Central Maui is the region that represents why Maui is called “The Valley Isle.” In fact, this is the exact location where Maui’s two volcano’s joined into one island land mass; West Maui’s extinct Pu’u Kukui, and the towering and dormant Mt. Haleakala. Historically, the Central Maui plains were always a huge area of commerce. Once, this area was a thriving agricultural community, housing thousands of immigrants who migrated to Maui to work on the world-renowned sugar plantations. Today, Central Maui still serves as the location where most commercial and industrial business takes place, acting as a “city center.” Here you will find mass-market chain retail stores, shopping centers, movie theaters, restaurants, hiking, beaches, and destination real estate properties.
While in Central Maui, explore Maui’s history at the Bailey House where one of the largest collections of Hawaiian artifacts are on display. Or, visit the Alexander &Baldwin Sugar Museum to learn about Maui’s early missionary and agri-business. If you’re interested in the ecology specific to Maui, do not miss the Maui Nui Botanical Gardens where you can tour 7-acres of native Hawaiian and Polynesian plant species.
Developed in the 1950′s, Kahului now houses over 26,000 residents. Here you will find the bulk of Maui’s mainstream commerce; shopping, restaurants, and the Kahului Airport where over 2.5 million visitors travel through every year. The three main shopping centers are the Queen Ka’ahumanu Center, the Maui Marketplace and the Maui Mall. University of Hawaii has recently absorbed the Maui Community College campus. This marks the first time in Maui’s history where residents and out of state students have the opportunity to receive a 4-year university degree on Maui. Offering a diverse selection of classes, UH Maui is a great place to further your education on Hawaiian culture and eco-island sustainability. Kahului is also where you’ll find the Maui Arts and Cultural Center. The MACC has become Maui’s premiere venue for live music, dance, and cultural performances. As a resident or a visitor, the MACC offers an invaluable cultural experience time and time again. There are many secret gems to find in Kahului, but perhaps one of the most underground is offered by Tour da Food Maui. Long time Maui resident, Bonnie Friedman offers specialized guided ethnic-food tours to a selection of “in the know” hole-in- the-wall restaurants, bakeries and family owned businesses around the Kahului area.
If nature is what you’re after, visit the Kanaha Wildlife sanctuary where you can trek a shoreline trail discovering some of Hawaii’s most endangered bird species; the rare Koloa duck, and other various migrating shore birds. If you love the ocean, and a day at the beach, rest your head on the sands of Kanaha Beach Park. This is one of the most popular windsurfing and kite surfing beaches on Maui.
Located just west of Kahului is the historic town of Wailuku, translating to “Water of Destruction” in Hawaiian. The town was named after the battle that took place in Iao Valley between King Kamehameha the Great and the infamous Maui warriors in 1790. This prominent little town now houses the county seat, governmental buildings, antique shops, galleries, restaurants, wine-bars, boutiques and the landmark Iao Theater. In hopes of bringing more energy into this otherwise secret and sleepy town of Wailuku, Maui residents have now successfully held their Wailuku First Friday’s for over three years. A night not to miss, Market Street welcomes a nightlong event of music, dancing, shopping and socializing every first Friday of the month.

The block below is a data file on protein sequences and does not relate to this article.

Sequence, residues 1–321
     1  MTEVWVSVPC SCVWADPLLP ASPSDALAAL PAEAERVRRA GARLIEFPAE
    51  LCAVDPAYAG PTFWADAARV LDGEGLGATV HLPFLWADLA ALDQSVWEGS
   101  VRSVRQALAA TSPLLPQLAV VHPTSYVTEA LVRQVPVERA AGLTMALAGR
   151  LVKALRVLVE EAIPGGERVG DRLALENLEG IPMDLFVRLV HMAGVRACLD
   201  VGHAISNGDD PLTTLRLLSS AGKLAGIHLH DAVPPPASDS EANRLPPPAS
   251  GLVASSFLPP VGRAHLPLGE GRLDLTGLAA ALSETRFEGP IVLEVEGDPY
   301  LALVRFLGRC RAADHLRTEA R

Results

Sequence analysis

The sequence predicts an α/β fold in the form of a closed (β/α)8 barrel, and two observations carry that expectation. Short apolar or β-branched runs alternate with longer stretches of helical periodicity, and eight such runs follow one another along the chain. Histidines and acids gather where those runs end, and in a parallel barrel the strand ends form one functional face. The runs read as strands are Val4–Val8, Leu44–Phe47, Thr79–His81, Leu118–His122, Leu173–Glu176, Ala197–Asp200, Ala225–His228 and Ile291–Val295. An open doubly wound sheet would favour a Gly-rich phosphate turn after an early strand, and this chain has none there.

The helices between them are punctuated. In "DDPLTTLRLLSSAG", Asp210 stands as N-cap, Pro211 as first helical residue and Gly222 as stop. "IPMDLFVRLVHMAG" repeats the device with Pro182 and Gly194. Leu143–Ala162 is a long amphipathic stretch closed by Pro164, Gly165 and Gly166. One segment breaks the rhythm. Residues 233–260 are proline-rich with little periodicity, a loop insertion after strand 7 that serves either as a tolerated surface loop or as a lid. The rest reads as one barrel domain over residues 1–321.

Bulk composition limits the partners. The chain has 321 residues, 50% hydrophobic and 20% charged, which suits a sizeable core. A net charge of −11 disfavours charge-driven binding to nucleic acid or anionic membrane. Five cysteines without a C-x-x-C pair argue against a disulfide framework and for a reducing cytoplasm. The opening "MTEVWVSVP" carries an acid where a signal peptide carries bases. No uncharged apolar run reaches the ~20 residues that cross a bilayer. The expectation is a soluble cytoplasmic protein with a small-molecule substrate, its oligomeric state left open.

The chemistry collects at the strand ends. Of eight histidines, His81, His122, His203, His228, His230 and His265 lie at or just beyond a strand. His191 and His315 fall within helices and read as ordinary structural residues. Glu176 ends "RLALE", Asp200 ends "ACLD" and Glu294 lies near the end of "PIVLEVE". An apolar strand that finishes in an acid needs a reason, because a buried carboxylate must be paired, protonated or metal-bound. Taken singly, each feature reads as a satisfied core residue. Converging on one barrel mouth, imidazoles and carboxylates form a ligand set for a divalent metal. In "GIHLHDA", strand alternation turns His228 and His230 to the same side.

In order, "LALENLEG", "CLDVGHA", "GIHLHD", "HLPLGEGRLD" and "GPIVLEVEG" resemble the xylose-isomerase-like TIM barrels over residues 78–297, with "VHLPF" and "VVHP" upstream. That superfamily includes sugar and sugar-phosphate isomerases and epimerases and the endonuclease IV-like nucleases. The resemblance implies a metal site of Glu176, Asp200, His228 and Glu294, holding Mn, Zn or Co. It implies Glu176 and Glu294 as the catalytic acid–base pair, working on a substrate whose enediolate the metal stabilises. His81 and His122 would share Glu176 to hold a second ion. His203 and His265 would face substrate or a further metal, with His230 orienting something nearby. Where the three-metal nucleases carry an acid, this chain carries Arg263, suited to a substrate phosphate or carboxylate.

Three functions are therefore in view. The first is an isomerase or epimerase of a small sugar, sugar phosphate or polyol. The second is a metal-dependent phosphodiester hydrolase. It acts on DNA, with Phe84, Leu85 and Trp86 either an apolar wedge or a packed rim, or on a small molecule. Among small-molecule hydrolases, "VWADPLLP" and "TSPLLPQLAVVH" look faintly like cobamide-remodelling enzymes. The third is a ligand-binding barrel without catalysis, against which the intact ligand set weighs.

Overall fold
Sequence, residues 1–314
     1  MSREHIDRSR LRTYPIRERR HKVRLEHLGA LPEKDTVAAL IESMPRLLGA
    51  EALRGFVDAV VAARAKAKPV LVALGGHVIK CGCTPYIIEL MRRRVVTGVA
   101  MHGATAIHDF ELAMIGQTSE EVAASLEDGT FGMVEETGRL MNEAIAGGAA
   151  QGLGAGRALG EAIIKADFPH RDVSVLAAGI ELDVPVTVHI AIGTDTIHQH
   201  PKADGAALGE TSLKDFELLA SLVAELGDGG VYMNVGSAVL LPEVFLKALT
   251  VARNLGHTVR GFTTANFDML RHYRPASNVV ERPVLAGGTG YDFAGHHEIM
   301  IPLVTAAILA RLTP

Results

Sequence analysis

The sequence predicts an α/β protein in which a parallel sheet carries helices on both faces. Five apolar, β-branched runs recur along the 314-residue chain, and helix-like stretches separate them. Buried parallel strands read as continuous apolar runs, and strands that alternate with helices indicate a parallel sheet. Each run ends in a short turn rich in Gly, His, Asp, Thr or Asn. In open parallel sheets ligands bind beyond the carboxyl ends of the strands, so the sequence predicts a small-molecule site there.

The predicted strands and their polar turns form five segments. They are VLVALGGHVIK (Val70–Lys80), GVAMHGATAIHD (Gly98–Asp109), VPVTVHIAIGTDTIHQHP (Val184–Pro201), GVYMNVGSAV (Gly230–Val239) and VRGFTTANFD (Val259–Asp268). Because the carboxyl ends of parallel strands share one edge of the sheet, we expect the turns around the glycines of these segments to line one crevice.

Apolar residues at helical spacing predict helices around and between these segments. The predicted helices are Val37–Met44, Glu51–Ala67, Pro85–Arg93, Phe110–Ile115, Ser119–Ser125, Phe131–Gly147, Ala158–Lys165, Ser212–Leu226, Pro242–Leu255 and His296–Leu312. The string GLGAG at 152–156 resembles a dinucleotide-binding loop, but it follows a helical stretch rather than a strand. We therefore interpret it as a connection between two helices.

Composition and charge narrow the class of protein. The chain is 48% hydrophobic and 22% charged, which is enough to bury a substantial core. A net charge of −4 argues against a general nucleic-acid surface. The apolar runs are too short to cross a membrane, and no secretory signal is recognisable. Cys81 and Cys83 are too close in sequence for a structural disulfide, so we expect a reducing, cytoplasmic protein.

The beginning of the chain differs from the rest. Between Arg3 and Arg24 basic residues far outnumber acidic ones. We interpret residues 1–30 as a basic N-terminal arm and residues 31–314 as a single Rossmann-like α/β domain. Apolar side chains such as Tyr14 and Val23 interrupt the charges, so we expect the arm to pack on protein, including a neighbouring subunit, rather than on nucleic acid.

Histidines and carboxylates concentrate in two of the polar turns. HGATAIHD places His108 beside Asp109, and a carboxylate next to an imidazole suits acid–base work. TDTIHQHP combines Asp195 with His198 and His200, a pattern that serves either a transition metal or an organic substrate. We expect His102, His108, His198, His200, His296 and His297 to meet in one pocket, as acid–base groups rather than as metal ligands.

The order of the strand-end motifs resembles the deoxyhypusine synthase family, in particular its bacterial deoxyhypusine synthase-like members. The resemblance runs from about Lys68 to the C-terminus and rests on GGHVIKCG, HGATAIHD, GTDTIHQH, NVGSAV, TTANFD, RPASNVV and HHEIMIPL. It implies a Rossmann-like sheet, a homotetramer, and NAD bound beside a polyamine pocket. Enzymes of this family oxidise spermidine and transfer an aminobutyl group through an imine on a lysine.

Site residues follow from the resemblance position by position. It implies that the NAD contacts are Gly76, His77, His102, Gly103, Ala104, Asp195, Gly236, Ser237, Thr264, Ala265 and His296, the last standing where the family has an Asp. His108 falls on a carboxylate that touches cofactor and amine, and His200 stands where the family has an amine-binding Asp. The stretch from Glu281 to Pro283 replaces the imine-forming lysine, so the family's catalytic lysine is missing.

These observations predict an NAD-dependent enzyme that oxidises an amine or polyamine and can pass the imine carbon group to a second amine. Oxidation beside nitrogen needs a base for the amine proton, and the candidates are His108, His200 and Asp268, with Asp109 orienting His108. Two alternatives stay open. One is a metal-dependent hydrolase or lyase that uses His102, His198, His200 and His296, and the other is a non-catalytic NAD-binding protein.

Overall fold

Iao Valley State Park
Quoted as “the Yosemite of the Pacific,” by Mark Twain, Iao Valley is one of the most unbelievably magical locations on Maui. Within Iao Valley, a 2,250-foot stone pillar covered in lush green moss, surrounded by the many shades of green jungle-luster, is the Iao Needle. This geographical landmark is surrounded by the walls of the Pu’u Kukui volcano crater and rises above the Iao streams. The valley offers hiking trails, rainforest walks, swimming, botanical gardens, and a perfect location for picnics and barbeques. As a visitor or a resident, be sure to not miss out on this incredibly special Maui adventure.
Just northwest of Kahului, you’ll find Waihe’e and Waiehu. Here you’ll find some of the most premiere Maui coastal and residential beach real estate, pristine white sand beaches, an 18-hole golf course, and Hawaiian cultural landmarks. With just over 7,000 residents, these locations are known for their island beauty and integrated-living tranquility. The Waiehu Golf Course is situated just adjacent to the Waiehu Beach Park, with views of Kahului Bay, the distant Waihe’e reef, and a smooth shoreline of white sandy beach. This course is considered one of the two most superior municipal golf courses throughout the Hawaiian Islands. For a historically spiritual island experience, seek out the Haleki’i-Pihana State Monument located just off Waiehu Beach Road. At this site, you can explore the two ancient stone platforms (heiau) that were once used as a place of worship for Hawaiian demi-gods and royalty. The ancient stories state that this is the exact location where the King of Maui surveyed his lands, and where King Kamehameha the Great stood after his victory over the Kahekili warriors in the late 18th Century.